Cosworth was selected by BW as one of their pre-release testing partners to supply additional feedback, expanded real world application testing, and in the case of the Sierra Sierra EVO, a real world application in torturous conditions. With our ultra repeatable engine dyno test cells, small displacement high performance gasoline engine knowledge, and involvement with the Sierra Sierra EVO, the partnership just made sense. Perhaps Cosworth's involvement in high level motorsports and a potential Global Racing Engine release had something to do with it? Regardless, it was perfect timing for the Peformance Parts division of Cosworth since we were already starting to plan a line of high end turbo hardware and setup kits for the serious customer base. Whether on the engine dyno, in CAD, plugged into an engine simulation, or in the workshop physically test fitting the turbos on engines/cars, these past couple months at Cosworth in Torrance, the product development team has been working a lot with various prototype EFR turbos. As a result, Cosworth will be including BW EFR turbos in future “set up kits” and bolt on turbos. The set up kits will be targeted toward the medium/high power customer having his car built at a shop that can add the finishing touches such as fuel system, tuning, etc. The bolt ons will be using EFR centers, but with Cosworth designed turbine housings for direct fit applications. So far I'm very impressed with the hardware and the feature set. You'll be able to read a list of features anywhere, but I'm going to break down the features to you Beyond the Dyno style.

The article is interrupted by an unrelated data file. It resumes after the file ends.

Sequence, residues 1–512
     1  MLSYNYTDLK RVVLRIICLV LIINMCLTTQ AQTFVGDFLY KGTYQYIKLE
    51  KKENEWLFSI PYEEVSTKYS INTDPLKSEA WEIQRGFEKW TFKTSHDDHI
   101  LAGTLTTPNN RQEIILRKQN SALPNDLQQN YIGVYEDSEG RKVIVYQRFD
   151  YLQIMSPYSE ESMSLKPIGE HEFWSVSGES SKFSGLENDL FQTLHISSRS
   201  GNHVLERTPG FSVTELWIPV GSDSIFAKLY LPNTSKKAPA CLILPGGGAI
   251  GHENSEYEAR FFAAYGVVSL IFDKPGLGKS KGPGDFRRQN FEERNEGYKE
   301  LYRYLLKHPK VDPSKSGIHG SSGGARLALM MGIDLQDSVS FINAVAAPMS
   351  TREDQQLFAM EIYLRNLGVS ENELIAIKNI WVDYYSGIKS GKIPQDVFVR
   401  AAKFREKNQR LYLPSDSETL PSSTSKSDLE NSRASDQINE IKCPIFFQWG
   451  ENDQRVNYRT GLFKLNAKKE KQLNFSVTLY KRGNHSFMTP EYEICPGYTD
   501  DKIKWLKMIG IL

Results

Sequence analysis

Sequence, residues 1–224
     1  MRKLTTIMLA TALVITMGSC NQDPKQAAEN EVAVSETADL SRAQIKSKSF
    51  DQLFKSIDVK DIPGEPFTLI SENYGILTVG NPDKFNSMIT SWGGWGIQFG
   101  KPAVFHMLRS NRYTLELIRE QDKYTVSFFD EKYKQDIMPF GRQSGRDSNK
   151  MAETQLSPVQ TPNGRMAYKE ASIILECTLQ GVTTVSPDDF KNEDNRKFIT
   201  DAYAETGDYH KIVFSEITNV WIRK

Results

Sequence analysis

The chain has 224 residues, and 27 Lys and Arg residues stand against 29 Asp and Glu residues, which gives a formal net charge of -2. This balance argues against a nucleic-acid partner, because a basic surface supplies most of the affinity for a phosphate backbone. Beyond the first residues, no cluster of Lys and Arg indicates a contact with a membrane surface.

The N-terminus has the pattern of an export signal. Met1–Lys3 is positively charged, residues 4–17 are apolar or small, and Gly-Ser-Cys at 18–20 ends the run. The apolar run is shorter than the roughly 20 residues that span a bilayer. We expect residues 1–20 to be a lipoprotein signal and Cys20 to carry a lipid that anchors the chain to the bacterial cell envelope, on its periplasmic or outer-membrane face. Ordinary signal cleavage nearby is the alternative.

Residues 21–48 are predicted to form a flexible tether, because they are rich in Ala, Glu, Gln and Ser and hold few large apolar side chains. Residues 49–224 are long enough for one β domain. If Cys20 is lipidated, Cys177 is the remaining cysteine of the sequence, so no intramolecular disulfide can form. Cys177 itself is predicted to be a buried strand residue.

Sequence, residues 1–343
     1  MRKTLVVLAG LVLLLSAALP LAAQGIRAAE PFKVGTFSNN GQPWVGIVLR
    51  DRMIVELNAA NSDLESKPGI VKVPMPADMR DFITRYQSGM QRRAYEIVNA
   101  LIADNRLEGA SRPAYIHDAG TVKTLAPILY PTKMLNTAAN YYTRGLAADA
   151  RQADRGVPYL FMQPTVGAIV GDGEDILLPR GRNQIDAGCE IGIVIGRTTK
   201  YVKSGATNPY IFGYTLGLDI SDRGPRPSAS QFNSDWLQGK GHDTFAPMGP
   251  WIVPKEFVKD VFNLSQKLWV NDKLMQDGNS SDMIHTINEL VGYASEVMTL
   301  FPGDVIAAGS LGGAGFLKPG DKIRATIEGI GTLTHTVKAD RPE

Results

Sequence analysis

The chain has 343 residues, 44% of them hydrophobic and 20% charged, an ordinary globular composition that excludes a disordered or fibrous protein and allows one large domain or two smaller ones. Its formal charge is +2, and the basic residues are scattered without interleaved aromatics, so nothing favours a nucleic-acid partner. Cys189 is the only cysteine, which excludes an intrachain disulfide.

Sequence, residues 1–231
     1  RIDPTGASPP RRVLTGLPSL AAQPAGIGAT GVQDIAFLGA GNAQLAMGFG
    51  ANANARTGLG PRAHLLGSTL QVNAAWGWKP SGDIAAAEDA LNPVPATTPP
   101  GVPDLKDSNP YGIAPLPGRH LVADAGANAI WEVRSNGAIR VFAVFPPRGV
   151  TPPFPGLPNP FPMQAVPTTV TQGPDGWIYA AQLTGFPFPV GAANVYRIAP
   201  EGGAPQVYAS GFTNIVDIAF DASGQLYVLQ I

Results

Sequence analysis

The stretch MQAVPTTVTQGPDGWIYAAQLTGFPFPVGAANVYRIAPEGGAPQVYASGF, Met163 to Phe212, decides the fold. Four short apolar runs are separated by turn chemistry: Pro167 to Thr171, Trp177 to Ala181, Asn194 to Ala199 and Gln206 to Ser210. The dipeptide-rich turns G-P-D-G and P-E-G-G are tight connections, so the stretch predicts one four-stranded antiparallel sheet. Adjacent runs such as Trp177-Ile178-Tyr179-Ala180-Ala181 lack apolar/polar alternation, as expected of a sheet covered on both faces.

Here's a prototype EFR 7670 adapted to the factory EVO X exhaust manifold via adapter that maintains the advantage of twin scrolls. The adapter is also a prototype that we made at Cosworth in an attempt to test a potentially "reasonable" cost turbo upgrade. Optimizing gas flow is tricky with adapters, but the dyno tells all and the engine is scheduled to go back on the engine dyno in late December. If the adapter sucks then we will not be offering the adapter. In fact, it is unlikely that we will because we (as in Tyler and I) don't believe it will perform to our satisfaction. But I've been fooled by perception many times: THE DYNO TELLS ALL.  The Cosworth engine dynos that is...